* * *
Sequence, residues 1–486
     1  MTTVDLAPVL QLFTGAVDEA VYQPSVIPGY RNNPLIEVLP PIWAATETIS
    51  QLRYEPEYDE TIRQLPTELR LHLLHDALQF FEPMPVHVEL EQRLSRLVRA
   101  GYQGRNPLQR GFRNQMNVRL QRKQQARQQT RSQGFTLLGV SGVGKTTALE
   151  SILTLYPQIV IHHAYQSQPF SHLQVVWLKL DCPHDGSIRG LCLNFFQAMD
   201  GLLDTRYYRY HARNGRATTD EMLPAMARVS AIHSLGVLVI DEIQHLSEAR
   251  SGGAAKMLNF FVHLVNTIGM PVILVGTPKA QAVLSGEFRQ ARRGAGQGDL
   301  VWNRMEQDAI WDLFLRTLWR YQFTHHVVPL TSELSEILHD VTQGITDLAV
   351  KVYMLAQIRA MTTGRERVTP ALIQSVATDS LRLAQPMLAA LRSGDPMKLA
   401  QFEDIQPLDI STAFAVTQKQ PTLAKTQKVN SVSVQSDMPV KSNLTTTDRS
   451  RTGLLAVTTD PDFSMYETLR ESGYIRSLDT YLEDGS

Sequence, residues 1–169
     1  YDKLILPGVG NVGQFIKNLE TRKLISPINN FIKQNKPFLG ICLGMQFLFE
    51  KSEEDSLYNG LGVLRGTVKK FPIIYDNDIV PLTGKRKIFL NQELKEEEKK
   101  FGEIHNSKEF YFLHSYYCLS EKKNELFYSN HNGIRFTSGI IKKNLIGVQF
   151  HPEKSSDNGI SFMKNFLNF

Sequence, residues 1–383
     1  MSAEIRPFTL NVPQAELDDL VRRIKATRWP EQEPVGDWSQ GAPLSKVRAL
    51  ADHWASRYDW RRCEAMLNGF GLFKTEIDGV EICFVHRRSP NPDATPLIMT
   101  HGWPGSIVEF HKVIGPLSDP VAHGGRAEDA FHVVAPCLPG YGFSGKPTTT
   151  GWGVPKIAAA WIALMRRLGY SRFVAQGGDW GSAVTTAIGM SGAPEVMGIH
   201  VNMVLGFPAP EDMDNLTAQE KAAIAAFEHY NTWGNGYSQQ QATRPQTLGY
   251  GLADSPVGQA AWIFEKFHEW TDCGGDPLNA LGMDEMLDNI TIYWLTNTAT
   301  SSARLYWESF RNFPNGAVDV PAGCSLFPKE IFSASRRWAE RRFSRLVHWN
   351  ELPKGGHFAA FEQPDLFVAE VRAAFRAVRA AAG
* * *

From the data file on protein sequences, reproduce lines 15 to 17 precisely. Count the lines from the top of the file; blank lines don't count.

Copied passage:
   101  FGEIHNSKEF YFLHSYYCLS EKKNELFYSN HNGIRFTSGI IKKNLIGVQF
   151  HPEKSSDNGI SFMKNFLNF

Sequence, residues 1–383